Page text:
How to Catch a Star

Teach perseverance and problem-solving with a focus on fine motor skills, language relating to shape, colour, size and pattern, using ‘How to Catch a Star’ by Oliver Jeffers.

You will Need:

  • Self-adhesive foam stars
  • Alternative self-adhesive foam shapes (optional)
  • Play sand
  • Tweezers
  • Paper strips
  • Play tray, sand-pit or container


  • Bury the foam stars and other shapes beneath the sand.
  • Ask your child to use the tweezers to hunt for the shapes. (You could ask them to pretend they are digging for treasure or going on an archaeological dig perhaps). Encourage your child not to use their other hand. Using the tweezers only will help them to develop their pincer grip, which is necessary for holding a pencil when writing.
  • Discuss the characteristics of the shapes that are found – think colours, sizes, names, number of edges, corners, etc. “What can you tell me about this shape?”
  • Once all or several shapes have been found, support your child to stick them onto paper strips to create different patterns. Patterns could be size, colour or shape related. Talk about their ideas. Model your own different ones. can they predict which shapes might come next?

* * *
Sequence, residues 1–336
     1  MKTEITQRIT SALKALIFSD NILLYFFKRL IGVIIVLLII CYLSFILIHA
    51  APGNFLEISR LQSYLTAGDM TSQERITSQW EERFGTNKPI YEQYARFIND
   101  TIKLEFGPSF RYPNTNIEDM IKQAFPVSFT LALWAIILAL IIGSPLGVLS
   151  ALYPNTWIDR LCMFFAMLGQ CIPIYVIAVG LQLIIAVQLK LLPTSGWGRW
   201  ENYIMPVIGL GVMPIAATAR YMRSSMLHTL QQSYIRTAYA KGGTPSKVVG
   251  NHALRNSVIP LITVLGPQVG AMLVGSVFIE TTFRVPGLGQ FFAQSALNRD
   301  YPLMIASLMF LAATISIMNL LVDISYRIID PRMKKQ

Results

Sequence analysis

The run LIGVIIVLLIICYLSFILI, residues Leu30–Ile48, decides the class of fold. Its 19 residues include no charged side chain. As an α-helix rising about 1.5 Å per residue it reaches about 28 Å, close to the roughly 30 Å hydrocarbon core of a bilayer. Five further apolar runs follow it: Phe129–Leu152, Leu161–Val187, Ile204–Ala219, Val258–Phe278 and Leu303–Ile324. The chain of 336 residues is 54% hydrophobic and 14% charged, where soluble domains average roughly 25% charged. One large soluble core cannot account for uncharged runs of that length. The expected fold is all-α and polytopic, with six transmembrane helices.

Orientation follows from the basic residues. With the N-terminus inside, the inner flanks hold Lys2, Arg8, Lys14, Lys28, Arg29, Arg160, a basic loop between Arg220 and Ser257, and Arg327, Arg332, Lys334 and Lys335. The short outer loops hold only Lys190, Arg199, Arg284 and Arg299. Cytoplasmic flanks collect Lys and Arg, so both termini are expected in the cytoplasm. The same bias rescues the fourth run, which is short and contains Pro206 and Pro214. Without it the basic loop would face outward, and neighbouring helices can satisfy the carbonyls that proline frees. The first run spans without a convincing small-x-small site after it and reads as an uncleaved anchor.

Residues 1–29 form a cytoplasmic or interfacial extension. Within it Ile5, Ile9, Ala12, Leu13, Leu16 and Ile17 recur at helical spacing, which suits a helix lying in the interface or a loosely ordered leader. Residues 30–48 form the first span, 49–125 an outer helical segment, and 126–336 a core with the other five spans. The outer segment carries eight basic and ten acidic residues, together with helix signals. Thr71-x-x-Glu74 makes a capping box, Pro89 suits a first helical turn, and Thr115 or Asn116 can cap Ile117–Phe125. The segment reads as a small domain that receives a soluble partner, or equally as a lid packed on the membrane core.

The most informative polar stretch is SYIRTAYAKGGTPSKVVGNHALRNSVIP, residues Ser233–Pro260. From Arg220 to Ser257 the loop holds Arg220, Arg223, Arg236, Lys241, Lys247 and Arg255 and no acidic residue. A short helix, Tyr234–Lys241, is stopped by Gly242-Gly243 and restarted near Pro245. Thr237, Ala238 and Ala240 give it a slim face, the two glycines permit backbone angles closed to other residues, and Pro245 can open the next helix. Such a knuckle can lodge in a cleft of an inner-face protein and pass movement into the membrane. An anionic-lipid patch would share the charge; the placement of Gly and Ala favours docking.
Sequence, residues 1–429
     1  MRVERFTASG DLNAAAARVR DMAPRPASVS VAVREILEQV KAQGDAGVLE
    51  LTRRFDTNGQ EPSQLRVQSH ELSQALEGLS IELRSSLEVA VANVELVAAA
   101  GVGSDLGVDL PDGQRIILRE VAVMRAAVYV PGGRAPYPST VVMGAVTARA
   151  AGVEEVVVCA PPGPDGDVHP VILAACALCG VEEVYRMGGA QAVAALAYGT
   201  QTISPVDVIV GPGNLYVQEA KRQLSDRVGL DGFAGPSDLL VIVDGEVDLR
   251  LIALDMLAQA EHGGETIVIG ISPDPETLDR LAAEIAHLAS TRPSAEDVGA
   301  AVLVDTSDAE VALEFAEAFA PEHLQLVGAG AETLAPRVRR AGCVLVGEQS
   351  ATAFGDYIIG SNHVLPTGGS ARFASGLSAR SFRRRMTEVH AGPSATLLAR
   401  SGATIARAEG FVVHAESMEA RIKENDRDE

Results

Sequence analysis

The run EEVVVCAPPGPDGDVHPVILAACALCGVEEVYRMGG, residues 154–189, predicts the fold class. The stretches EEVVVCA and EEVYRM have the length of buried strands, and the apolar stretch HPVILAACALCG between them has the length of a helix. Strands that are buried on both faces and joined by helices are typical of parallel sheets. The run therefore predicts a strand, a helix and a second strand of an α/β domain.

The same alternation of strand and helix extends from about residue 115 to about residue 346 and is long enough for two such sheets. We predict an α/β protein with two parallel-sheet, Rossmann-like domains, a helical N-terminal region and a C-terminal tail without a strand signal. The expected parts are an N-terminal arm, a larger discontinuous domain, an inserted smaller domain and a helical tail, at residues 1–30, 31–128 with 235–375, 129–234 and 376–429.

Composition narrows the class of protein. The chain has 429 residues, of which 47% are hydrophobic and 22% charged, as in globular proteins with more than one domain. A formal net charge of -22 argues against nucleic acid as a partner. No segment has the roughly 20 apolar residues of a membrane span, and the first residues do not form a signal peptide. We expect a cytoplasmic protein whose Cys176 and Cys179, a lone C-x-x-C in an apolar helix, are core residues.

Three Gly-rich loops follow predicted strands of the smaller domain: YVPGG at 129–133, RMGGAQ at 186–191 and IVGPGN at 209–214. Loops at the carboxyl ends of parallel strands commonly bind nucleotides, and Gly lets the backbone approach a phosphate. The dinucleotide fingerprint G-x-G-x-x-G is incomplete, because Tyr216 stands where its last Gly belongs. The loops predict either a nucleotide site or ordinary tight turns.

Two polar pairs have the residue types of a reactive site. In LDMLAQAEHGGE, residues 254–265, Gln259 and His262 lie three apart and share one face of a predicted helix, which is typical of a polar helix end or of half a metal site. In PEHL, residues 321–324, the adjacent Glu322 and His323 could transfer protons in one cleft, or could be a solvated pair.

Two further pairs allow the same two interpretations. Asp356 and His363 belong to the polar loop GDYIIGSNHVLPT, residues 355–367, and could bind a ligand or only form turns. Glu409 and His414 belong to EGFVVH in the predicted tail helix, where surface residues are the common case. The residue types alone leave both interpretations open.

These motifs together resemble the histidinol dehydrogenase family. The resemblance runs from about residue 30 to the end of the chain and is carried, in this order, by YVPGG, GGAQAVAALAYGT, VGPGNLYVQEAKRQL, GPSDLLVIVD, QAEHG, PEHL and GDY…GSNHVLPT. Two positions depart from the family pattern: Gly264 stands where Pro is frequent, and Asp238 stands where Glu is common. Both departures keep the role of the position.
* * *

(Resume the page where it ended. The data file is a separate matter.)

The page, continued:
Sand hunt play prompt

questions to extend the learning

  • What can you tell me about this shape?
  • How many sides/edges/corners/vertices does it have?
  • What might you call this shape?
  • How might you compare this shape to that one?
  • Is it bigger/smaller/larger/wider/narrower?
  • Does it have more/fewer edges/corners?
  • How might you use these shapes to male a pattern?
  • Which colour might go next? Why?
  • What might the 3rd/4th/10th shape be in this pattern? How do you know?
  • How might you make a pattern using small and large stars?
  • How have you used problem-solving in this activity?
  • What have you persevered with today?

Making patterns with foam shapes Hunting for foam shapes in sand

A Sneaky snapshot

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